Emily: When you become involved what is the sort of work that you would be doing?
Marie: It begins with adult work as we establish a relationship with the mother and the family in order to understand their worries and what their own infantile experience was. We utilise a few assessment tools, such as the mother observation relational scale where the parent scores what they feel about their infant, we might hear things like the infant is manipulative or demanding. We also do a narrative assessment where we ask parents to describe their fears, worries and expectations. Then we work on the floor because that’s where the infant is, we get down to the infant’s level as much as we possibly can, we sit, and we talk, and we reflect, and we play and notice. We wonder what is going on in the communication, what the infant communicating and if the parents notice. We help the parents to wonder about the infant’s communication and what it might be like for their infant. The service I work for is called little minds in mind because what we want to do is help the parents to think about what their infant is experiencing. To help the infant know they are being thought of and held in mind. Often parents will say my infant doesn’t look at me or I think they hate me, so it might be noticing when the infant is looking and sharing we see to support the parents in seeing the infant in a way which is not intrusive or frightening.
Emily: Sounds like you focus a lot on the nonverbal communication which is taking place between and then help that communication to meet somewhere in a way that has not been seen before?
Marie: Yes, to see it without the projections. To see what I might see or what the infant is communicating. For example, when the mother experiences the infant as not sleeping, we will help them consider what it might be like when the infant falls asleep, what it might be like to close your eyes whilst in your mother’s arms and then open your eyes in a different room. We support parents in wondering about the infants’ experiences.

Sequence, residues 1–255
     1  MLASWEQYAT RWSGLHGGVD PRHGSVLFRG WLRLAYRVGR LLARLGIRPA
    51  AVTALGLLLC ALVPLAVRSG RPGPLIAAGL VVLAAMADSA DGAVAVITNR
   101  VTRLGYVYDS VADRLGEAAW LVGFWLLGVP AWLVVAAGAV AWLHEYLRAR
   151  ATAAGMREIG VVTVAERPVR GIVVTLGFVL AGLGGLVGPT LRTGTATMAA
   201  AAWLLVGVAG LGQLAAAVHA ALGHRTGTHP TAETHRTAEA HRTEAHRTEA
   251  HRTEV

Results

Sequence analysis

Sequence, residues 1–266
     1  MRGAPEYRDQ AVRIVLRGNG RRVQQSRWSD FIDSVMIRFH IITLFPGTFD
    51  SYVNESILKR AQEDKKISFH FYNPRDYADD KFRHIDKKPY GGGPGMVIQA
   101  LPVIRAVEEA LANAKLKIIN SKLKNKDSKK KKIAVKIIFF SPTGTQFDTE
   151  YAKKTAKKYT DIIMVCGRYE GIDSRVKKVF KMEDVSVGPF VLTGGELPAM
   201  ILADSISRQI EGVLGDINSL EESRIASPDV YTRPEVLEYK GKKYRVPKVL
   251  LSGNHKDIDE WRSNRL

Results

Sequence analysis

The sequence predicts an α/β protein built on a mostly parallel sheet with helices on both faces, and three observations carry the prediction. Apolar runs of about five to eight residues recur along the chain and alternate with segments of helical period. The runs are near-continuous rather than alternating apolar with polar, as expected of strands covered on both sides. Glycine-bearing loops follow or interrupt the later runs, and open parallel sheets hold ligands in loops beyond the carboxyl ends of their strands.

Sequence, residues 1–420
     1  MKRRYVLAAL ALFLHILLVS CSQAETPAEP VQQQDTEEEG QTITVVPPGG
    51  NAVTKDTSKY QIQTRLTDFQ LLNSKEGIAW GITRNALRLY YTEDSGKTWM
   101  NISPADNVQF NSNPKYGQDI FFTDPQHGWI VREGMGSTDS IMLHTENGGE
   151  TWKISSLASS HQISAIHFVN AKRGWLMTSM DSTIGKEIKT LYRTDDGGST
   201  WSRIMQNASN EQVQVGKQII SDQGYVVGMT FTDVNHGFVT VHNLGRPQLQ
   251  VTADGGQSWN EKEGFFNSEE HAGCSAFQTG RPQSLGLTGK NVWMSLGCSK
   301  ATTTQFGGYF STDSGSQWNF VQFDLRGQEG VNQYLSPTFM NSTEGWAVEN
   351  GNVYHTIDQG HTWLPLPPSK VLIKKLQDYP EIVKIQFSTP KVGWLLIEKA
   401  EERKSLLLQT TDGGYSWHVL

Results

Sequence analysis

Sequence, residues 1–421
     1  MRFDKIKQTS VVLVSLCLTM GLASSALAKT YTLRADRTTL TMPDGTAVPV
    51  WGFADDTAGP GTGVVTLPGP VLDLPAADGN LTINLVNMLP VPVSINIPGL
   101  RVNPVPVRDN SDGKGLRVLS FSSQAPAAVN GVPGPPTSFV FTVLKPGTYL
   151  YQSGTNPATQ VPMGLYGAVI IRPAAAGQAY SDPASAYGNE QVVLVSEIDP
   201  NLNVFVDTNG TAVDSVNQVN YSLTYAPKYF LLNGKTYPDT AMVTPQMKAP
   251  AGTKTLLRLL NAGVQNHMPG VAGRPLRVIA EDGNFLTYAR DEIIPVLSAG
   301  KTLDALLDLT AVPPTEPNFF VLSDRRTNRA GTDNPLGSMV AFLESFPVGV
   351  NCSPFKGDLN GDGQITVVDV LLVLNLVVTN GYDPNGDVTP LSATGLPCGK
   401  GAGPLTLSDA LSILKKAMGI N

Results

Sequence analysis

Emily: Has your work as an infant parent psychotherapist changed the way you work in your clinical practice with clients?
Marie: It has definitely changed how I am with my clients, I am braver in my reflections, and work phenomenologically, noticing body language, remaining open and curious to what is not being said whilst also paying attention to my own somatic responses.
Emily: listening to you, it sounds like you have a greater confidence in expressing what you experience and notice in the room, inviting a space to reflect on what is not being verbalised?
Marie: The work that we do is based in psychoanalytic thinking, so the papers that we might refer to or the ideas and concept are around psychoanalysis theory. What I really loved when I started working with the team was their ability to sit with the difficult feelings, I think I previously avoided this as much as I could. I didn’t want to be the bad object or have the difficult feelings or tolerate anger, so I had a low tolerance for staying with something which I deemed as difficult. My ability to stay at depth in these feelings has significantly developed and I feel more confident in being able to name difficult feelings. Previously I couldn’t tolerate the concept that someone might not like their infant and of course now I know that sometimes people don’t like their infants and that is quite ordinary, they are demanding, and it is Ok when those thoughts come and go, it is when they stay, we are concerned. The empathy I have for the parents of the children I work with has changed because I now see that no parent wants to have a difficult relationship with their child. I am more thoughtful of what it is must be like for a parent to leave their child with me for 50 minutes knowing they may never know what has happened in that time. Whatever the age I am working with I am always curious about their first two years of life. It is vital when doing any sort of intake that I know what happened during the pregnancy, the birth, and the first few months following the birth. This information is what supports me with the assessment and planning of the work. I wonder with clients about what that time might have been like, often no-one has ever asked or provided a space to allow the held emotions to be expressed. The transformation in a person’s life can be fundamental and I am not sure I fully appreciated this until I paid closer attention to the parent infant relationship and started to attend the relevant trainings and read the associated articles.
10/05/2022 Christine Lister-Ford